Taking initiative -- such as using your own talents and energy to go the extra mile -- is one of the key ways to move up in the world. Here's a section on how to take initiative at your job.
When people talk about management skills, they're usually referring to how a manager oversees his or her workers. This neglects one of the most important dynamics in a job, and that's something called "upward management" -- it's how well a worker manages and delivers on the expectations of a boss. Taking initiative -- such as using your own talents and energy to go the extra mile -- is one of the key ways you'll accomplish this.
Here's how to take initiative at your job:
- Bring solutions, not problems. Though it may look to you like all your boss does all day is sit back in a chair and throw pencils at the ceiling, it's much more likely that there's an entire package of responsibilities that you know nothing about. Because of that, bosses generally don't like to deal with problems. So, don't bring your boss any problems; instead, bring SOLUTIONS. Let the boss know if a snag has occurred, but also offer solutions that simply need approval to be carried out.
- Work toward a bigger goal. Figure out how you'd like the job to help you progress toward your short- and long-term goals, then ask for extra work in those areas. Your boss will hear the words "extra work," but you'll hear the words "free education that you get paid for." So, win-win.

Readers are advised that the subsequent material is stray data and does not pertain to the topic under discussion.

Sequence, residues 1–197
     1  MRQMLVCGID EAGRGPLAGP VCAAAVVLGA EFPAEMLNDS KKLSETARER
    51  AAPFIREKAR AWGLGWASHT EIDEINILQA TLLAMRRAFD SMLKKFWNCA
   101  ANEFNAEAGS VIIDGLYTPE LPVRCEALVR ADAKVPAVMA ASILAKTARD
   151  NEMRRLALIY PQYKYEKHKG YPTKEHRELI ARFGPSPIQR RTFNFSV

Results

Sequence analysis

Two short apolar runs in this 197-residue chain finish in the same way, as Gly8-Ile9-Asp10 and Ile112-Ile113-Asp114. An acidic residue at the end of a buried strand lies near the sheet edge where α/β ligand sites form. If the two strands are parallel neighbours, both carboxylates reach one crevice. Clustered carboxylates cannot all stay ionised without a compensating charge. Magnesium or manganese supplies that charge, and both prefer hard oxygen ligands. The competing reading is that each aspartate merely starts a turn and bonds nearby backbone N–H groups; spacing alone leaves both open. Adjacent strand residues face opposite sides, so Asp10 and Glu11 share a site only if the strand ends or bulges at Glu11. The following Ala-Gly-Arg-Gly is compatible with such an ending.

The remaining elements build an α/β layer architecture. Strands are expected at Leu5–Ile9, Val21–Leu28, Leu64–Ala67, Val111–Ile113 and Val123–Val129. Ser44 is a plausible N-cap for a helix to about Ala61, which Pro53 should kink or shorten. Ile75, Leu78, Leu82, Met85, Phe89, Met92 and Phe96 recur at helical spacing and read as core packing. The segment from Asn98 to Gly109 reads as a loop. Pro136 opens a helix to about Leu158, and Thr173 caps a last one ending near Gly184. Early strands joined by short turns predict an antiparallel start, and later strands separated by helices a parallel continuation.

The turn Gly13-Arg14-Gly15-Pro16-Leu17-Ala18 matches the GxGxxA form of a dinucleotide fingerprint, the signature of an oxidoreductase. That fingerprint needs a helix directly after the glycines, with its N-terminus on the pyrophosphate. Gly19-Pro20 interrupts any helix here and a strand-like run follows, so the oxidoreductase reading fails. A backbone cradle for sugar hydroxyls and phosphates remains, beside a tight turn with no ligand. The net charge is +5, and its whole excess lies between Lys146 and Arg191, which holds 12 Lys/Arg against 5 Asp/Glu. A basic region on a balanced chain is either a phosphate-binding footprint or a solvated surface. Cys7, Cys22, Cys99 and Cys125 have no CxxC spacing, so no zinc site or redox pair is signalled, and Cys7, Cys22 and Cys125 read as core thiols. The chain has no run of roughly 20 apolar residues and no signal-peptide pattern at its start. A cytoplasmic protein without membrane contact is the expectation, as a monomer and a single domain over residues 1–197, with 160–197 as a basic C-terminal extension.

- Create side projects. Want to shine at your job? Create tasks to tackle when you finish your other work early. Don't let side projects stop your main work from getting done, but feel free to work on something incrementally, over time. When you finally finish and present the project, it'll look like you invested a massive amount of extra effort to deliver something significant.
- Ask for extra tasks. You can also volunteer to help out with any additional work that's on your boss's desk. Even if the answer's no, you'll always be remembered, and appreciated, for asking.
- Help out your co-workers. When your co-workers need help, step in. Not only will they appreciate it, but they'll be there for you if you ever fall behind yourself.
If it sounds like "taking initiative" is another way of saying "extra work," you're on the right track. Just remember that if you're willing to work hard, your employer will notice, and you'll be rewarded with a promotion, more money and more prestige at your company.
Now that you've learned how to be a great employee and help out your coworkers, find out how to snag a promotion here: Be A Pro.